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Journal of Immigrant and Minority Health

, Volume 14, Issue 5, pp 885–889 | Cite as

Health Beliefs and Attitudes of Latino Immigrants: Rethinking Acculturation as a Constant

  • Maria Elena Villar
  • Maritza Concha
  • Rodrigo Zamith
Original Paper

Abstract

Health disparities among Latinos have been associated with acculturation, but there is a lack of consensus about how acculturation variables translate into health beliefs that can be used to target attitude and behavior change interventions. Transcripts from three qualitative studies including 64 Latino immigrant adults were analyzed through inductive reasoning to assess relationships between more or less acculturated attitudes, and demographic variables. In the three topic areas of gender roles, sex education, and seeking professional help, attitudes ranged from conservative (less acculturated) to liberal (more acculturated), but did not seem associated with age, education or years in the United States. When dealing with specific health topics, it is not possible to infer specific attitudes, strength of attitudes or level of acculturation of intervention recipients. To develop sound, culturally competent interventions, it is necessary to assess the targets’ beliefs and attitudes and tailor messages in specific contexts.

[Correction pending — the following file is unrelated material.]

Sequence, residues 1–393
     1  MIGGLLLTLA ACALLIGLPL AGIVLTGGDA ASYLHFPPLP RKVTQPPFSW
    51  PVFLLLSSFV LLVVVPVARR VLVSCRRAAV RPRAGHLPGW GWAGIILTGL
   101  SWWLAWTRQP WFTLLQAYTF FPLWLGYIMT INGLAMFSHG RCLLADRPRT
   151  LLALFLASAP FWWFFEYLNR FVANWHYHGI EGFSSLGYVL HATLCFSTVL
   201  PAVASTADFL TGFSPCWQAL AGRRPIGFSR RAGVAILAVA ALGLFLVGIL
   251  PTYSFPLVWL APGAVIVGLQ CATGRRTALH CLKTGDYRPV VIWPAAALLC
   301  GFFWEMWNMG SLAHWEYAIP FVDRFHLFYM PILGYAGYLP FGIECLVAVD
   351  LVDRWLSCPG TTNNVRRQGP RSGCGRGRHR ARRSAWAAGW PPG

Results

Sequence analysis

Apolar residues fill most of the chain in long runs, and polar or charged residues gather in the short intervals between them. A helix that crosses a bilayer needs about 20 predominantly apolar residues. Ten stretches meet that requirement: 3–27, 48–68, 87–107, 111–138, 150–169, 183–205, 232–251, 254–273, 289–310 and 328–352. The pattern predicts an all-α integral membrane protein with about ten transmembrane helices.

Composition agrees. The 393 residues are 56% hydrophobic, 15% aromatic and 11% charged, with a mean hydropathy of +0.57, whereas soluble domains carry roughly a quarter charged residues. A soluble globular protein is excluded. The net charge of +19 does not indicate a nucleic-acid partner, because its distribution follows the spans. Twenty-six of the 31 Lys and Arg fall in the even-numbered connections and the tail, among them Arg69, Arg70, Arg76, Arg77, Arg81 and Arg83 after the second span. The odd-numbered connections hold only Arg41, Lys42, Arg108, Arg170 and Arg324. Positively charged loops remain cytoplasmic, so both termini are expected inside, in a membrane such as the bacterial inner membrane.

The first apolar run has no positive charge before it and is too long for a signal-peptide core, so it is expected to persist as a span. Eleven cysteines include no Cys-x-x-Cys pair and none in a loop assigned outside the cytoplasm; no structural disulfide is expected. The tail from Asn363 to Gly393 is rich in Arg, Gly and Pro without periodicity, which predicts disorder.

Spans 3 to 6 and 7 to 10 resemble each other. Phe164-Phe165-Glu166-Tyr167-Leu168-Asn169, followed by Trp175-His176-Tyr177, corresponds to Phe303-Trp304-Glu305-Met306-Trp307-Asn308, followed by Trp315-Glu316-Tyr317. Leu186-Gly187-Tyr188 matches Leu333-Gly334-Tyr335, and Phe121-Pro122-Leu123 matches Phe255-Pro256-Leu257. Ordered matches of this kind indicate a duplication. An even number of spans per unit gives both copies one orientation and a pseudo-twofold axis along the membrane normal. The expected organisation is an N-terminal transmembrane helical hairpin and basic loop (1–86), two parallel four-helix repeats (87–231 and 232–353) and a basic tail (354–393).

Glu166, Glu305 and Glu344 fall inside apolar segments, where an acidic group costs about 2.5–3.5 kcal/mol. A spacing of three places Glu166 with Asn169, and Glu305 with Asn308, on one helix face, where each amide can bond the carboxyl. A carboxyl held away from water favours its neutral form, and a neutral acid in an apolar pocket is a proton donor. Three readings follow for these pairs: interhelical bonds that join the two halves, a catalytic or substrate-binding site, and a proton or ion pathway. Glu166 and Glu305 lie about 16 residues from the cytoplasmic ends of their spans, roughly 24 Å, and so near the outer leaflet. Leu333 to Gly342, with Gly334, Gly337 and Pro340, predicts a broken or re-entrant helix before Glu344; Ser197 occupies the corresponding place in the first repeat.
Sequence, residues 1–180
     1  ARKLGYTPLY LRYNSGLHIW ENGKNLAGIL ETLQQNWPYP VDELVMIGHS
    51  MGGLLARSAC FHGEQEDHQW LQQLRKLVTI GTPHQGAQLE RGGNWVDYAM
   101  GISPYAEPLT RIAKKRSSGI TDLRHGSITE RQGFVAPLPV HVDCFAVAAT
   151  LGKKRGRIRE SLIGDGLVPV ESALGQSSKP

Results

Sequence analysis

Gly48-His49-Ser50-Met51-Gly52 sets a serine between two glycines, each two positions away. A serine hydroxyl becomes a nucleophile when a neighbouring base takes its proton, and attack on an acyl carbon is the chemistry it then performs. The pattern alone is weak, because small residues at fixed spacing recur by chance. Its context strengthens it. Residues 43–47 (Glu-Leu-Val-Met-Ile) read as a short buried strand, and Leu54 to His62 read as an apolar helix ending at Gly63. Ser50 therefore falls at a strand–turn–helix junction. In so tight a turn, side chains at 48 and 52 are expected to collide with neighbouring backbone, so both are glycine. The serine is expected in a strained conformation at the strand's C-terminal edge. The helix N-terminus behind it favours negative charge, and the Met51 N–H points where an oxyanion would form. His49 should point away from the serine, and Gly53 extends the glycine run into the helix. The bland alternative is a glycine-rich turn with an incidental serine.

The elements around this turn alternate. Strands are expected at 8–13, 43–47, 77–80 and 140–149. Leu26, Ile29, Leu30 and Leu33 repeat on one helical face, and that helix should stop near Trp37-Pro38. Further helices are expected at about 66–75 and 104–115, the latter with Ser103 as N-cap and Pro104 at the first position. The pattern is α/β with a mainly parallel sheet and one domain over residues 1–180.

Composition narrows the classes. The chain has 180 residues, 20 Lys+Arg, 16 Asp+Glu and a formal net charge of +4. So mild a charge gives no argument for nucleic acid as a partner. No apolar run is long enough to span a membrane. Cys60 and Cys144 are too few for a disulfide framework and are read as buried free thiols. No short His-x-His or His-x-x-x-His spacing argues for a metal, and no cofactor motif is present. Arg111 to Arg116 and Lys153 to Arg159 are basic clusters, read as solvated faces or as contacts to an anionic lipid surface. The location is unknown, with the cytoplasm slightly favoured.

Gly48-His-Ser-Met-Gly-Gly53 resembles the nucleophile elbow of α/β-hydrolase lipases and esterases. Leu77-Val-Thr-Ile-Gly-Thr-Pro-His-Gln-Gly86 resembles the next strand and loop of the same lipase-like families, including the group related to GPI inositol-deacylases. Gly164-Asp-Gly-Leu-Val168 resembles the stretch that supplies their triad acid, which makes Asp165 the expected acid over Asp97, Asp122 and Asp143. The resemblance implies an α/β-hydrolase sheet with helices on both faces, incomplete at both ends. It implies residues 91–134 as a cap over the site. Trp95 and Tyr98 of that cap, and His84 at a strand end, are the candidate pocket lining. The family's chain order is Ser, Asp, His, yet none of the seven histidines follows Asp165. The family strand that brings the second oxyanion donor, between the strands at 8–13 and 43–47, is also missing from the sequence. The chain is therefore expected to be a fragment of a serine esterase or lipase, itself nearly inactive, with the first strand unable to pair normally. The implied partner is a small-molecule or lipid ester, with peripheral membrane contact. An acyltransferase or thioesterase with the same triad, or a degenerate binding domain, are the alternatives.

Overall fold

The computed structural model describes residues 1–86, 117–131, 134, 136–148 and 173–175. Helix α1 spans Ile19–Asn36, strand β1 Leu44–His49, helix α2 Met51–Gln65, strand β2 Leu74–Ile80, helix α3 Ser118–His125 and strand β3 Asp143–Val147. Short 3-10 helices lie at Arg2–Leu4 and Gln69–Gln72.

Keywords

Health beliefs Health messages Latino culture Acculturation Social judgment theory 

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Copyright information

© Springer Science+Business Media, LLC 2012

Authors and Affiliations

  • Maria Elena Villar
    • 1
  • Maritza Concha
    • 2
  • Rodrigo Zamith
    • 3
  1. 1.Advertising and Public Relations Department, School of Journalism and Mass CommunicationFlorida International UniversityMiamiUSA
  2. 2.School of Public Administration, College of Health and Public AffairsUniversity of Central FloridaOrlandoUSA
  3. 3.School of Journalism and Mass CommunicationFlorida International UniversityMiamiUSA

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